Sarries deserve their time in the sun
June 1, 2011
Owen Farrell and Schalk Brits celebrate their victory in the Premiership final © Getty Images
The final perhaps wasn't the spectacle that we had hoped for after the events of 12 months ago, but it's certainly good for Premiership rugby that Saracens have broken Leicester's two years of dominance.
It was easy to see what it meant to them at the final whistle, after over 30 phases of bruising defence in what was a massive effort at the death. The players there have manufactured a winning team spirit out of nowhere and have done a great job as a club. They are now very impressive.
They play a different style of rugby to last year, when they went into the final as the league's entertainers, but it is winning rugby. It was noticeable in the final, with the pressure on, that they looked comfortable and used to playing that way.
Leicester got caught in two minds a little and failed to do themselves justice. Having played so much expansive rugby during the year they went too far the other way and played within themselves.
They deserved to finish top after playing very well all season but the coaching staff have a difficult decision ahead, namely whether they rein it in slightly or continue to play that expressive style. Doubtless Matt O'Connor has had an impact in that department and fair play to Richard Cockerill, he has bought into it. They played some very impressive stuff earlier in the season but it is a risky strategy unless everyone at the club gets on board.
Knowing Cockerill, he will stick by it. The issue is that they don't look too good when they get involved in an arm-wrestle.
If they can get off to a flyer and dominate, they are now capable of thrashing teams, but games like the final are a different matter. It's hard to think of many sides that have beaten Leicester three times in a season but Saracens did, and all of them were close, gritty affairs. The Tigers have to be able to play both styles of the game and there will doubtless be a few nerves when they meet Sarries for the first time next season.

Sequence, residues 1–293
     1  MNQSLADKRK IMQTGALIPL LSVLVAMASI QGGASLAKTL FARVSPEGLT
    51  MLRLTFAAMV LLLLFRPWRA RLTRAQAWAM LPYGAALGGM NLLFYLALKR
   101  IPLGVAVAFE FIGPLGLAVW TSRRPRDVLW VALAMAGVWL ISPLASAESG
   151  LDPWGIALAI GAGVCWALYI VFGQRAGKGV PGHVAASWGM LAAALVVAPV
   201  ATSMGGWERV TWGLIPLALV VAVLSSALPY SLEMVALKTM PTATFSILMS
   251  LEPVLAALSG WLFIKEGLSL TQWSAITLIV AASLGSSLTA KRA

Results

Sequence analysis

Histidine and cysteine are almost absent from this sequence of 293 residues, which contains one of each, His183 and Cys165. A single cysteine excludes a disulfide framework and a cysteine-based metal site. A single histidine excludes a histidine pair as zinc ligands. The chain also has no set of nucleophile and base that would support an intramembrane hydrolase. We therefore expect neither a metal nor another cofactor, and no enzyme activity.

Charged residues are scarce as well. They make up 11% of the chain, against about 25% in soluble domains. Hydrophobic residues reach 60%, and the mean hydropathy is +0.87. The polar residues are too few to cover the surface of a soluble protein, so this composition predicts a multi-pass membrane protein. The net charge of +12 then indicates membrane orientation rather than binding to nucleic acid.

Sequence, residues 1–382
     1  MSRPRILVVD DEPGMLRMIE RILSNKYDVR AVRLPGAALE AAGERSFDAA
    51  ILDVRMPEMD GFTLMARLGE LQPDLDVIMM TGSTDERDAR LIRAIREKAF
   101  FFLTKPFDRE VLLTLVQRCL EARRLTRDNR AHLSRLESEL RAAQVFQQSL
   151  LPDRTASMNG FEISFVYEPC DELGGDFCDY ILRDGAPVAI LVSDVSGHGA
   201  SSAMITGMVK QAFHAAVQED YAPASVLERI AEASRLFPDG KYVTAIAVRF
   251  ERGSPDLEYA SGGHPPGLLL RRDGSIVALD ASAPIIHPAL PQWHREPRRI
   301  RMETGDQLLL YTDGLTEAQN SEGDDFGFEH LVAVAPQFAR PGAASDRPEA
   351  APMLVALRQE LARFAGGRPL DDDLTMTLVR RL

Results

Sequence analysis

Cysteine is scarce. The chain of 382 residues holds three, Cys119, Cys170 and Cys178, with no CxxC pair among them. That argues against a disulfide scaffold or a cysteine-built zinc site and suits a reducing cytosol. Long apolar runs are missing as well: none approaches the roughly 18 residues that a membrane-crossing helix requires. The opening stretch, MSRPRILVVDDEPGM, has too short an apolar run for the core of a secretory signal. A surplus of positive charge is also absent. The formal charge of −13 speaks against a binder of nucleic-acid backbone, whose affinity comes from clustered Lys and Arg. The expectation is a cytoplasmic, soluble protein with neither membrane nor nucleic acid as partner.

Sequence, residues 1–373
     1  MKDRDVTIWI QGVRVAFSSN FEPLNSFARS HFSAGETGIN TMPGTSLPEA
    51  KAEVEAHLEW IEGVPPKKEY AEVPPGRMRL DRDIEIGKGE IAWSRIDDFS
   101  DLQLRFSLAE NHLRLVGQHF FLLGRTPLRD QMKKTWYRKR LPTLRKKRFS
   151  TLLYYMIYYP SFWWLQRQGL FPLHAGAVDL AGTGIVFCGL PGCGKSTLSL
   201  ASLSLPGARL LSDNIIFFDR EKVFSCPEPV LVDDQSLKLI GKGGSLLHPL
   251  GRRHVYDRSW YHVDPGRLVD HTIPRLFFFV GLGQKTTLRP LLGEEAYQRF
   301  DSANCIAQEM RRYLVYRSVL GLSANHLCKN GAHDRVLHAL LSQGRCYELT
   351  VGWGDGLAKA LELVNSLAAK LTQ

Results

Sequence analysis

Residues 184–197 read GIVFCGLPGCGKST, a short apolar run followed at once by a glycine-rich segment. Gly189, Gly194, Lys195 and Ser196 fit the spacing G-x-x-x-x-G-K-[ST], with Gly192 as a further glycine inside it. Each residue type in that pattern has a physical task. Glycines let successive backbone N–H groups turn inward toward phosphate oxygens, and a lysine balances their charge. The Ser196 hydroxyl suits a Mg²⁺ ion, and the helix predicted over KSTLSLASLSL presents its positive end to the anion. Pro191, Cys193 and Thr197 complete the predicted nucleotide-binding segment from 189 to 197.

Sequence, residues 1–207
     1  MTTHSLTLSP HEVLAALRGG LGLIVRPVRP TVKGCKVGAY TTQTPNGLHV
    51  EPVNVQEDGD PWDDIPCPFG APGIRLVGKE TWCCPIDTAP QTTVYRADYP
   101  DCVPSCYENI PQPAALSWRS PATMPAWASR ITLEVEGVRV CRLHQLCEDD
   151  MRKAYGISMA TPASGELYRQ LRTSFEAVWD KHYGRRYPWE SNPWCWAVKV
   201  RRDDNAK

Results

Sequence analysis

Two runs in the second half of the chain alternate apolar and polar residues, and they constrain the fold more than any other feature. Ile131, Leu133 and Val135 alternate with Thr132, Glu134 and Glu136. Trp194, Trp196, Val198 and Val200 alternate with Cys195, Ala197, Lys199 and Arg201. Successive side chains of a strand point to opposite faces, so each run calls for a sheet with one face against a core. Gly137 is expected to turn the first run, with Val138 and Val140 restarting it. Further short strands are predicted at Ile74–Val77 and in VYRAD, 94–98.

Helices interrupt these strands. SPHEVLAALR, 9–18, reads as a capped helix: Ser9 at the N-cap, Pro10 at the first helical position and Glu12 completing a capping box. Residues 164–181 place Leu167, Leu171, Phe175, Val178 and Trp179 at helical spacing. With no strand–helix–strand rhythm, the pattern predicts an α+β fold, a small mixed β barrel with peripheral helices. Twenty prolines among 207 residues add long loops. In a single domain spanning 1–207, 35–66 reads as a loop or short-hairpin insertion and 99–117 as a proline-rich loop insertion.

At the heart of Saracens' effort were Owen Farrell and Schalk Brits, who were both outstanding. We saw real maturity from Farrell at fly-half. There were bound to be some nerves for the 19-year-old, particularly after a couple of missed shots at goal in the semi-final against Gloucester. In that game he showed great will to knock over the winning points and picked up from there in the big one. He's a born winner and has the potential to be a great in the game.
His competitive spirit and ability to back himself under pressure will prove vital to Sarries over time, but it's not just his kicking that should be applauded. His defensive display was outstanding and he demonstrated real balance to his game as a playmaker.
If the season was two months longer, he would be a certainty to go to the Rugby World Cup, but as it is he remains embroiled in a selection battle with Charlie Hodgson, his team-mate at Saracens next season. Only a short while ago, we wouldn't have contemplated Farrell going to New Zealand, but he's now possibly 50-50, I'd say, as third choice along with Hodgson.
As for Brits, I've never seen a player like him. To have revolutionised a position is amazing and while some may laugh, he can be compared to Jonah Lomu. There had been no-one like the giant All Black until he came along, but now every team has a big winger. There's currently no other hooker quite like Brits, but we'll start to see them appearing and players attempting to do more.
Despite his efforts, he too looks like missing out on representing his country at the World Cup. He is not helped by South Africa's reluctance to select certain overseas players and there's also still some scepticism in the southern hemisphere when it comes to European rugby, as there is the other way around.
There are different ways in which teams approach the game and South Africa have always based their tactics around their set-piece, that's why they are not looking at Schalk Brits. Saracens manage him really well, he can drift wherever he wants and is not required to follow the ball around. They have also corrected any perceived weakness in his set-piece game. Steve Borthwick's work has ensured that they are top of the lineout charts and with Matt Stevens and Carlos Nieto on either side, the scrum was nice and solid too. It's a tough world, sometimes.
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Ben Kay is a co-commentator for ESPN